The environmental presence of micro/nanoplastics (MNPLs) is an environmental and human health concern. Such MNPLs can result from the physicochemical/biological degradation of plastic goods (secondary MNPLs) or can result from industrial production at that size, for different commercial purposes (primary MNPLs). Independently of their origin, the toxicological profile of MNPLs can be modulated by their size, as well as by the ability of cells/organisms to internalize them.
To get more information on these topics we have determined the ability of three different sizes of polystyrene MNPLs (50, 200, and 500 nm) to produce different biological effects in human B-lymphoblastoid cells (Raji-B).
The results show that none of the three sizes was able to induce toxicity (growth ability) in the tested cell type; Although transmission electron microscopy and confocal images showed cell internalization and their quantification by flow cytometry demonstrated an important uptake by Raji-B cells. This uptake was negatively associated with the size. Interestingly, when the loss of mitochondrial membrane potential was determined, dose-related effects were observed. These effects were observed for the three different sizes. Finally, when oxidative stress induction was evaluated, no clear effects were observed for the different tested combinations.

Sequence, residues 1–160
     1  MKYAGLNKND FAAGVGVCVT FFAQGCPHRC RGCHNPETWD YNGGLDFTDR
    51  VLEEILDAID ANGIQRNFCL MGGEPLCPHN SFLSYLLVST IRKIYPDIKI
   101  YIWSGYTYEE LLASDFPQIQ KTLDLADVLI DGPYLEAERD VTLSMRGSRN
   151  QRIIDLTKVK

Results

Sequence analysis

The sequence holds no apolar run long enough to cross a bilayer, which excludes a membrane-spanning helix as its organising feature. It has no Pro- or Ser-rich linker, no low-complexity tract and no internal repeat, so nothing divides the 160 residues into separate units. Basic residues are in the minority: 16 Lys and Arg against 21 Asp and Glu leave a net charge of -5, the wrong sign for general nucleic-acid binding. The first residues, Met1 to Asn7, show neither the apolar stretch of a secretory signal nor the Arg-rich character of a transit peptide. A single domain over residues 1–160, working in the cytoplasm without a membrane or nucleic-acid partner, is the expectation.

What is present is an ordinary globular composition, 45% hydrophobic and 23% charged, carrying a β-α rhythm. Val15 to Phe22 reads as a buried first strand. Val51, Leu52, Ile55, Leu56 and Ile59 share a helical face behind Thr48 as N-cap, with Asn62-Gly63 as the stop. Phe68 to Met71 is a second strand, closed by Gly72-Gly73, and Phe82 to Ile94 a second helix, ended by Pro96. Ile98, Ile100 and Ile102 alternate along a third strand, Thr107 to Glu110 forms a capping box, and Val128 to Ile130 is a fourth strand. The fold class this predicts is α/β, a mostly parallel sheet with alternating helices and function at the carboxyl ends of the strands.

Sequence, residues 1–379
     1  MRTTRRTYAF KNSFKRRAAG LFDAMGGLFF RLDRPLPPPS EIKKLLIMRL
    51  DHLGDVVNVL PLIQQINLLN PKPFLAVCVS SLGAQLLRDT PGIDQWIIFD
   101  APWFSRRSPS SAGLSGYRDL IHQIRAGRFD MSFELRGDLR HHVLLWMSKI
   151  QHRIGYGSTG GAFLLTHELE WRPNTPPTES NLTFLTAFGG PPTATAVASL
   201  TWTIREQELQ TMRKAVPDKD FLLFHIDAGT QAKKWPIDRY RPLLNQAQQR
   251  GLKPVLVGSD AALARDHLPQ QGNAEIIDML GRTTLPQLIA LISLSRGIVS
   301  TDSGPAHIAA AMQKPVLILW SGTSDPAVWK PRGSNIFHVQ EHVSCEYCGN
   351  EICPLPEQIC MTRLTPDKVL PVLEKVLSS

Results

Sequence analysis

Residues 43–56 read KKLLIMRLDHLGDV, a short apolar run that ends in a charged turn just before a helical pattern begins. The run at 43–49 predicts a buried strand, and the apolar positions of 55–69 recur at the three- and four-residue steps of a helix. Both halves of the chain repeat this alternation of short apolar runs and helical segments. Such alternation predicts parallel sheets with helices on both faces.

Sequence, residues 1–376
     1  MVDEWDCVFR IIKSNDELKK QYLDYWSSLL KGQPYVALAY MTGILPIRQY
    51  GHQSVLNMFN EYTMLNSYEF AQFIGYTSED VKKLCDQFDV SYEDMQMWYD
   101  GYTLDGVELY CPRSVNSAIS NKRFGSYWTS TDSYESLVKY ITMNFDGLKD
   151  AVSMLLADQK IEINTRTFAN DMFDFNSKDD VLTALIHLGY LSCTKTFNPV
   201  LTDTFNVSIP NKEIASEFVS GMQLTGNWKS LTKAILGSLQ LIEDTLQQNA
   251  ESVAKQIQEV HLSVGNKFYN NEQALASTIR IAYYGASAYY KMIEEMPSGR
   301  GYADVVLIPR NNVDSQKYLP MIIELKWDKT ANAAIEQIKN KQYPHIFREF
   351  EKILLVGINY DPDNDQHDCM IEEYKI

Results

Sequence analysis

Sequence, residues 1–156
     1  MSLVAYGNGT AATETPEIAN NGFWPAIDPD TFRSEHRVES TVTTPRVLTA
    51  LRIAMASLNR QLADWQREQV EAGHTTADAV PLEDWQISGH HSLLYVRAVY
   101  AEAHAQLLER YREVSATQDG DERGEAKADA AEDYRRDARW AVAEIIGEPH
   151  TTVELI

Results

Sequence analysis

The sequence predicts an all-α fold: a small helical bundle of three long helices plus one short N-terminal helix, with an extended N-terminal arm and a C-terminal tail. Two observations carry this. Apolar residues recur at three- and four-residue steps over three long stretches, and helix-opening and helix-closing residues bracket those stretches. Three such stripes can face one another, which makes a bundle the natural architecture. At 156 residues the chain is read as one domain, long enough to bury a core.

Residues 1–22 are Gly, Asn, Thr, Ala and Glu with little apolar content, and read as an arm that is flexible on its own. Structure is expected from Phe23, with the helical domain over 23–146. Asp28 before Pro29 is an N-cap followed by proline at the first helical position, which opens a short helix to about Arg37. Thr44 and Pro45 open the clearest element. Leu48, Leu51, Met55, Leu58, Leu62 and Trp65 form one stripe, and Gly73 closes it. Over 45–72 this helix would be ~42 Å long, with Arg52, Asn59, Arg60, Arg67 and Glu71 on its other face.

Our conclusion is that size and biological endpoints, are aspects modulating the toxicological profile of MNPLs.
Funding: This work was partially supported by the EU Horizon 2020 programme (965196, PlasticHeal), the Spanish Ministry of Science and Innovation (PID2020-116789, RB-C43), the Generalitat de Catalunya (2021-SGR-00731), and the ICREA-Academia programme to AH.
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